Now online: a collection of inspiring European heritage projects undertaken during the pandemic

Now online: a collection of inspiring European heritage projects undertaken during the pandemic



Six European heritage partners are proud to present the CRISP website: a collection of heritage best practices developed during the COVID-19 pandemic. CRISP (Research on Creative, Innovative and Sustainable Practices to get adults back in contact with heritage) is an EU funded project. Partners from five European countries have selected and described 61 pioneering heritage projects for the benefit of heritage institutions, stakeholders, and enthusiasts. With this compilation of (socially) innovative heritage cases, we aim to enrich existing heritage programming, inspire new ones and strengthening networks within and outside of the heritage field.

The COVID pandemic hit hard on society, and it is no news that the heritage field also took a blow – especially during the lockdown phases. At the same time, this has been a time of creativity in the sector. Many institutions rapidly developed innovative programming for working around restrictions and isolation, connecting with audiences and partners in new ways. To make sure these ideas and innovations are not lost, we brought a selection of them together on a website:, supported by the European Erasmus Plus programme.On the CRISP website, structured descriptions of inspiring heritage projects yield a great deal of practical information. Each case description not only portrays the project itself, but also looks into the background of each institution we spoke to. It furthermore reports on collaborations, costs and impact of the project. In each description, you will also find a brief interpretation of the project, as well as further references. You can browse the cases, freely search all the texts on the website, or use predefined tags and categories. All projects are also shown on a map. In conclusion to our project, we want to emphasize how many heritage organizations such as (small) museums, archives, festivals and libraries rose above themselves during the pandemic. We saw great creativity, empathy and energy, and a renewed sensitivity to audiences’ real needs. These organizations have been developing new skills, not only in the area of digitization and the use of new media, but also in more personal ways, developing new skills and initiating new collaborations.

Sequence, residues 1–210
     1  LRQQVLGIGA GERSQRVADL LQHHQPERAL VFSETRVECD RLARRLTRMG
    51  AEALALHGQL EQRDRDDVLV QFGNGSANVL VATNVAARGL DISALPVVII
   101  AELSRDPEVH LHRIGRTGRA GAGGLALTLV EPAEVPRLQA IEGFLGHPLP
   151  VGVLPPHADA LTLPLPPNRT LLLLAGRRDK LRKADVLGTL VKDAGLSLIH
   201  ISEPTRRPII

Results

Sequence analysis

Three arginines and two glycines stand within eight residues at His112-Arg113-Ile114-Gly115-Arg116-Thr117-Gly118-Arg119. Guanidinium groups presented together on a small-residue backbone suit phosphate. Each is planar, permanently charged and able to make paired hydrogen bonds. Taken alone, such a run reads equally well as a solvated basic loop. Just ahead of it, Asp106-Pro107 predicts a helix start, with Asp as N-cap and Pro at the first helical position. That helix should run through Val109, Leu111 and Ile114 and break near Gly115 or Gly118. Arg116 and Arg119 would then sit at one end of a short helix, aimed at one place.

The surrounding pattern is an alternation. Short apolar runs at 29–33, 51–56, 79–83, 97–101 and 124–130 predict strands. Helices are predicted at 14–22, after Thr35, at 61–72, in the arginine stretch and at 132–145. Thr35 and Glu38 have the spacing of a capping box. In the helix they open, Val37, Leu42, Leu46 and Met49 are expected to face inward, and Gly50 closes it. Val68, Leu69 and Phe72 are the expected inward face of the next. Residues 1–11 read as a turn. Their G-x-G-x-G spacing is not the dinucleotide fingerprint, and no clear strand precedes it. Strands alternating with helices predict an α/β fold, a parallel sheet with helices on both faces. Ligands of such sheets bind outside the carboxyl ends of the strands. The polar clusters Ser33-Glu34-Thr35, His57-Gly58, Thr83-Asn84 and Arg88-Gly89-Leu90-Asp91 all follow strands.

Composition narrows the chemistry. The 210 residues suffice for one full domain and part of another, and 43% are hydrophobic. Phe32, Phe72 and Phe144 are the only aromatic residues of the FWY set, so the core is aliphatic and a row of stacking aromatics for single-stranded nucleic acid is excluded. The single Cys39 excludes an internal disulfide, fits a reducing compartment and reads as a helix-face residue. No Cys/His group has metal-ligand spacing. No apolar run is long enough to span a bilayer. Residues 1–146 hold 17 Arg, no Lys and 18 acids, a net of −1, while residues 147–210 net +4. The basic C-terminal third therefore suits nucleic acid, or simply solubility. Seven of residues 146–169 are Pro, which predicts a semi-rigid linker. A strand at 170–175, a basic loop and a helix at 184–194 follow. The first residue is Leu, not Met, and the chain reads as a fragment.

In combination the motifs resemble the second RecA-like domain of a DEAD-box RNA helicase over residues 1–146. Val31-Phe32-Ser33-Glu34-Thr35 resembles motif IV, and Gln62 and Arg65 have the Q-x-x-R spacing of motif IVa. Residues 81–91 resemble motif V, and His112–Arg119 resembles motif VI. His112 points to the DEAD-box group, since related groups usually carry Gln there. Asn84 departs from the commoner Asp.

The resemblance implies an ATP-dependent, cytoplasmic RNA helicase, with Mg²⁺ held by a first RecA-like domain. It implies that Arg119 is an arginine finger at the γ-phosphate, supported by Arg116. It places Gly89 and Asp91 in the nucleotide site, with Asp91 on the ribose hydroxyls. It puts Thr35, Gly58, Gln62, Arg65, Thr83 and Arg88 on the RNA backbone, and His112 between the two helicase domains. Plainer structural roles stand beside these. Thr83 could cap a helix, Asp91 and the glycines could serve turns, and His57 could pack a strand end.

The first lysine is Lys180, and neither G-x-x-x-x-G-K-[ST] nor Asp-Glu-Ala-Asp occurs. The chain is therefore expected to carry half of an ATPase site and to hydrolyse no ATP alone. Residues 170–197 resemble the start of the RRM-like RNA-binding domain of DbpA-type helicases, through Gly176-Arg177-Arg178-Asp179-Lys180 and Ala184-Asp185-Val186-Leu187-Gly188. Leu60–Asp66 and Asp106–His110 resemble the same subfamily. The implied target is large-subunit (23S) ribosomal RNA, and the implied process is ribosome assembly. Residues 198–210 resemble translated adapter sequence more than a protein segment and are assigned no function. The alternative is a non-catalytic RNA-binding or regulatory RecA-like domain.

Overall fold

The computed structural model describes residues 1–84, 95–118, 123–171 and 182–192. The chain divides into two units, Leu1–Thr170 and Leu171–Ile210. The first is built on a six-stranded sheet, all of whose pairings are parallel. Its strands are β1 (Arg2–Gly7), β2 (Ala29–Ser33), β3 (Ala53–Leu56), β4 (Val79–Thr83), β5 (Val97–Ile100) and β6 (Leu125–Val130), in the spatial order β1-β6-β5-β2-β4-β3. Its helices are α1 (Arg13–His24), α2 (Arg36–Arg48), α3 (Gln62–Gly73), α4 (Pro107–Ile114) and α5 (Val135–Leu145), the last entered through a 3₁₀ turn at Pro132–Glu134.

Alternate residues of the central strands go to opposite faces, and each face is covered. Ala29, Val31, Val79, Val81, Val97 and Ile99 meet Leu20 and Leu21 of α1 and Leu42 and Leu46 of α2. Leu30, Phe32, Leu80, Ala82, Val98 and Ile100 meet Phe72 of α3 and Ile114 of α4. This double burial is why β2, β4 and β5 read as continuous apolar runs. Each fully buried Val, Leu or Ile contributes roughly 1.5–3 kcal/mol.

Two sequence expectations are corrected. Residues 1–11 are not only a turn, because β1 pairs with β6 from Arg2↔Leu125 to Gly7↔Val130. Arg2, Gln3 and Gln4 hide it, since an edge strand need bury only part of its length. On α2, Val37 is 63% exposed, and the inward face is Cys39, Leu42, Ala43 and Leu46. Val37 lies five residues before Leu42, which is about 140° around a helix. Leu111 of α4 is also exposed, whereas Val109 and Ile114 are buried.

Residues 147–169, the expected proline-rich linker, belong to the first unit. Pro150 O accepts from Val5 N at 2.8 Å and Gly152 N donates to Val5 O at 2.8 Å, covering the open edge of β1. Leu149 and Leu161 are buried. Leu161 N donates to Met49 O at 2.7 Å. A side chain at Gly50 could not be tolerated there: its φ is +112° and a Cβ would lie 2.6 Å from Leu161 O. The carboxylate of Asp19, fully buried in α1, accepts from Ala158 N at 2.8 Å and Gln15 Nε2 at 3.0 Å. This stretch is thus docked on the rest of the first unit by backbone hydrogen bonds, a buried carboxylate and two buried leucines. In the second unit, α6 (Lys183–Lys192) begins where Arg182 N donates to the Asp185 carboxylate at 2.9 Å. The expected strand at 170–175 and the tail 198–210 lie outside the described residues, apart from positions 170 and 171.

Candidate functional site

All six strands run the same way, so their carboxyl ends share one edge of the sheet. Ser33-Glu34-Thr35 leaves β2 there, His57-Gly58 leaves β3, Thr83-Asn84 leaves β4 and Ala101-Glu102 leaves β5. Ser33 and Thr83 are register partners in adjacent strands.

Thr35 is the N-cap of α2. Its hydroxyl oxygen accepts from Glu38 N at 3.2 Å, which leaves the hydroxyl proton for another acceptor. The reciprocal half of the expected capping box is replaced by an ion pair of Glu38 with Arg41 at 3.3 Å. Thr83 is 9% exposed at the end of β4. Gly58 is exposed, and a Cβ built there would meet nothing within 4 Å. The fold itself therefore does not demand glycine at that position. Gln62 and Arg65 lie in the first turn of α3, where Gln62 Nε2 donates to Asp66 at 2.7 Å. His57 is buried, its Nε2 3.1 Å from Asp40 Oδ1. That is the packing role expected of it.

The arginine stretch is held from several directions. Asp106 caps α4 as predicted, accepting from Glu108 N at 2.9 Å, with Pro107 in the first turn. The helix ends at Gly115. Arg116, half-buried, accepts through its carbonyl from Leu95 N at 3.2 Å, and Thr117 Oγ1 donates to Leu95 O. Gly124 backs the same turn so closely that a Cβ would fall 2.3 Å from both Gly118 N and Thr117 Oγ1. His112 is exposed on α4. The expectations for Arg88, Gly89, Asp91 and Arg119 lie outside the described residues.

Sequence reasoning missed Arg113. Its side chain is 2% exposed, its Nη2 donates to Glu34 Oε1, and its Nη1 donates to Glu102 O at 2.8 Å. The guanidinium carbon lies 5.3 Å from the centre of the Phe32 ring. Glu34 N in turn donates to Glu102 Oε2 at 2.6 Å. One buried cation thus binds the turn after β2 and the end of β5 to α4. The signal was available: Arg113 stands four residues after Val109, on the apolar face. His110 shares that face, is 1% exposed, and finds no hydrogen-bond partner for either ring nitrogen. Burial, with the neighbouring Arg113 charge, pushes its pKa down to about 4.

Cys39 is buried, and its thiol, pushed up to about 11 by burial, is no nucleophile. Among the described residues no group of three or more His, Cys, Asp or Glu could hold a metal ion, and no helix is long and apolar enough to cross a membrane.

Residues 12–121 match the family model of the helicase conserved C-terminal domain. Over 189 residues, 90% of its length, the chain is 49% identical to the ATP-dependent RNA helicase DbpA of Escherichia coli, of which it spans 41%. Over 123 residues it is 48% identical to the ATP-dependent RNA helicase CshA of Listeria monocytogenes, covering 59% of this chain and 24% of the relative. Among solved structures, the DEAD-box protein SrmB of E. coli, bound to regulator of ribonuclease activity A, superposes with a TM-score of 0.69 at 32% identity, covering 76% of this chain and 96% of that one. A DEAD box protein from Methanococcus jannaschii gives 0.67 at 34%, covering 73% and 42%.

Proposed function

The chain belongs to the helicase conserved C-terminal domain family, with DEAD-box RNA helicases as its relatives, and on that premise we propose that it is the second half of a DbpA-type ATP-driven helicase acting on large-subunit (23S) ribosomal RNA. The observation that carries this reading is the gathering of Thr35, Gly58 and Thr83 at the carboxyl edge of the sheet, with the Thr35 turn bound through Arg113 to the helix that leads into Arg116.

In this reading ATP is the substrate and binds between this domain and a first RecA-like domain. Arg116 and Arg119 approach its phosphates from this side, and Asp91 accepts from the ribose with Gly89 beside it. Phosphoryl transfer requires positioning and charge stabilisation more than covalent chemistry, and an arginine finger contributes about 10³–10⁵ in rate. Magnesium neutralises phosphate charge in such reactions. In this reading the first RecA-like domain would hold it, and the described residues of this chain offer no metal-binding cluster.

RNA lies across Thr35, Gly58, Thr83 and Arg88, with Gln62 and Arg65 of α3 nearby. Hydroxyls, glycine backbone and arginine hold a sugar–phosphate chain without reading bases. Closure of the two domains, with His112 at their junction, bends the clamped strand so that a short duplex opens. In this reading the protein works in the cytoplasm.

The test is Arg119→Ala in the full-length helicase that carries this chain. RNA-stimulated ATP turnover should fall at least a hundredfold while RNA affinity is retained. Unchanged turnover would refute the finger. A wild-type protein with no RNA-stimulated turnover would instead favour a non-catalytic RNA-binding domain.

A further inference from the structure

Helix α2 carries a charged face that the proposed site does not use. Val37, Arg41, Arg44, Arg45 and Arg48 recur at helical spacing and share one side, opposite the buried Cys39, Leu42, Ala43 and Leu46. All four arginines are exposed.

We thank everyone who provided us with the details of their work, and also, we wish to thank the European Union for supporting this project in the form of an Erasmus Plus grant.